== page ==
The best communicators and leaders don’t ignore the risks or negative information. They prepare their audiences for them, and they address them head on so they can move past them.

If someone learns about you from an article you wrote, a speech you presented, or even the mention of your name in a video or online, those frames contribute to solidifying your ethos.

Conversely, if you’ve been recently disparaged on social media or became overly intoxicated at a company gathering, that hurts your ethos and sets you up in a negative frame.

Your Origin Story

A very powerful framing device is your origin story. It answers two big questions—how you arrived at where you are today and why you love serving the customers you serve. This is the frame that draws in your audience, creates credibility, and builds trust. It does not, however, build influence. That comes later.

The origin story—the frame—sets the context for you to deliver your value proposition or core message.

Using the three Ps—predict, preempt, prevent—we can predict that price will come up as a question or objection at some point unless the seller “claims the frame” and preempts or prevents that response. The influence objective is to shift the frame and conversation away from price and over to quality.

Shift From Cost to Quality

Application in Business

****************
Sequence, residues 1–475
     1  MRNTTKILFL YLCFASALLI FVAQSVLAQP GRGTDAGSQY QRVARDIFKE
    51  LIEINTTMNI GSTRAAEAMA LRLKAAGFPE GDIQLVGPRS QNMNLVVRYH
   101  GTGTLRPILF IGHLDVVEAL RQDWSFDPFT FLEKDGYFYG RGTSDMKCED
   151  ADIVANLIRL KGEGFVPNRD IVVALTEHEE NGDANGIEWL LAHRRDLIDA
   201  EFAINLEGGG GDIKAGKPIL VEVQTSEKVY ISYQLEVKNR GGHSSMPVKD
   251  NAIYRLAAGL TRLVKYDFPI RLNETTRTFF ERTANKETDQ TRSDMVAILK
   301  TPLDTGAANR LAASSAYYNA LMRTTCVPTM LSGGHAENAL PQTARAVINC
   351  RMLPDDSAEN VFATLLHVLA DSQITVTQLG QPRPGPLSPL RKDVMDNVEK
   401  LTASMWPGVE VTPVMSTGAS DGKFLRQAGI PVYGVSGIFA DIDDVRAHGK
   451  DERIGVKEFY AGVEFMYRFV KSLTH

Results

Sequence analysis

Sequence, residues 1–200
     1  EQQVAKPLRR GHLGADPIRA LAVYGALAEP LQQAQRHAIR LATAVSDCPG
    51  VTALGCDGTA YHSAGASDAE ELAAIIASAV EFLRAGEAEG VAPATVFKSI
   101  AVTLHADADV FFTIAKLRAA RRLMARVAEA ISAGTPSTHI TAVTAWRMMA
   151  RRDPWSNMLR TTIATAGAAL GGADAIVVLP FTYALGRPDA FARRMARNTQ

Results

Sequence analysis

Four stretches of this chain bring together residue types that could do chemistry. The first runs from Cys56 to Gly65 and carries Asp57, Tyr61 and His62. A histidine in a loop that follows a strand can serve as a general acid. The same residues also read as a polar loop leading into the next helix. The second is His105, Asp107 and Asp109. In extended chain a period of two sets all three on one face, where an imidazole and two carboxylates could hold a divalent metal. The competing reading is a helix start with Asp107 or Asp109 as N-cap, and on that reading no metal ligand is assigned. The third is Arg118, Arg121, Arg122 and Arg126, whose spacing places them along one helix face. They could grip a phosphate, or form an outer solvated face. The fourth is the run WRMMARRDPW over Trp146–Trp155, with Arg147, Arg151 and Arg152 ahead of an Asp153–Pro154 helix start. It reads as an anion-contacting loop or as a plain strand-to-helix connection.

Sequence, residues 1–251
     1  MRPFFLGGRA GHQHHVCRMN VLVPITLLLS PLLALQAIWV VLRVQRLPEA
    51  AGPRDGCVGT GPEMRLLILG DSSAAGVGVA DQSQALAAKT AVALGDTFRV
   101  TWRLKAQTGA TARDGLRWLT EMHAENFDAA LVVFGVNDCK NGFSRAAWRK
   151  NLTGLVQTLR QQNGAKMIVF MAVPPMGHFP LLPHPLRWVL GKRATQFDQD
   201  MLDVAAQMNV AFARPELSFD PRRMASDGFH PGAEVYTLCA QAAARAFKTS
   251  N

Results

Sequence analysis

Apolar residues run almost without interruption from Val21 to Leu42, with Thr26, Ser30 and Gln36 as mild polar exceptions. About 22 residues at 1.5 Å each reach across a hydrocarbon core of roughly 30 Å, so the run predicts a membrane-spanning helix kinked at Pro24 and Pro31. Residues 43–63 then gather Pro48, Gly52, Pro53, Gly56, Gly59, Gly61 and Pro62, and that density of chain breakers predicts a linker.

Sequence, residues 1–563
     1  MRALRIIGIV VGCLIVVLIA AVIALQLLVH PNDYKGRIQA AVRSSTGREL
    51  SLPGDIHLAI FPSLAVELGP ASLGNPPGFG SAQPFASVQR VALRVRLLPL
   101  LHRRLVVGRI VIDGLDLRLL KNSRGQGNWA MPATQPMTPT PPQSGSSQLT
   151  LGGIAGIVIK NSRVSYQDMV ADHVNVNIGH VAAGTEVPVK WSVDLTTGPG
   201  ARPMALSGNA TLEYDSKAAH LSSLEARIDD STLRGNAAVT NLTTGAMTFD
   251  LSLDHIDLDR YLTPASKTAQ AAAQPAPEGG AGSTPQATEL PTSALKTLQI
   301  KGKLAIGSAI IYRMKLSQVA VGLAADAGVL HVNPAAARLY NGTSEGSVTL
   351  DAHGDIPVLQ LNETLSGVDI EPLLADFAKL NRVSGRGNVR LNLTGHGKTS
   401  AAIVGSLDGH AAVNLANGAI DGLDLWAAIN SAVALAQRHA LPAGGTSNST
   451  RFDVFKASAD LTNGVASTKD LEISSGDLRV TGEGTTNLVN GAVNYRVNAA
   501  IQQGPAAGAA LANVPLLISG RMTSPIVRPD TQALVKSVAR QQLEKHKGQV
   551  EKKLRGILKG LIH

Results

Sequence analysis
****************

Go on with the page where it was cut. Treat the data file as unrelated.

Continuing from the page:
The final stages of consumer product purchasing involve two categories. The first is the moment of purchase when the consumer thinks about the importance of the lowest cost and saving money. It’s momentary and passes quickly.

The second category is known as time of performance and is more long-lasting.

Our job as sales professionals, communicators, and leaders is to help people move beyond that short-term moment of purchase thinking into a broader view. Most of the solutions people offer require a “time of performance” mindset to comprehend the value proposition.

Client Framing

Clients try to frame or reframe sales professionals all the time. The attempt at reframing usually comes in the form of slow response times to messages—indicating a lack of interest—or comments that someone else can do the same thing cheaper, faster, and easier. The sales professional needs to be able to assess when this happens to avoid the abyss of price reductions, discounts, and concessions.

A well-thought-out and well-constructed frame is a strategic advantage in the marketplace and can pay off handsomely in the long run. In this battle of whose frame will win, a sales professional should be able to understand the viewpoint of their potential client. But the professional also must have a strong belief in their value and be able to communicate it with conviction through metaphor, story, props, and examples.

The conversation with a potential mortgagee might start something like this:

I’m so excited that we get to work together. I know you have plenty of options on who to work with, and it means a lot to us that you are here.

Before we get started, I know there is a lot of confusion in the marketplace right now and, for some people, fear. The media is having a field day with misinformation, and it’s crazy to see how many people buy into it.

Unfortunately, the media is not a public service organization. So let’s look a little deeper.

Many people out there are making money in real estate right now. There are great opportunities to buy real estate if it’s done properly and you have the right tools and information.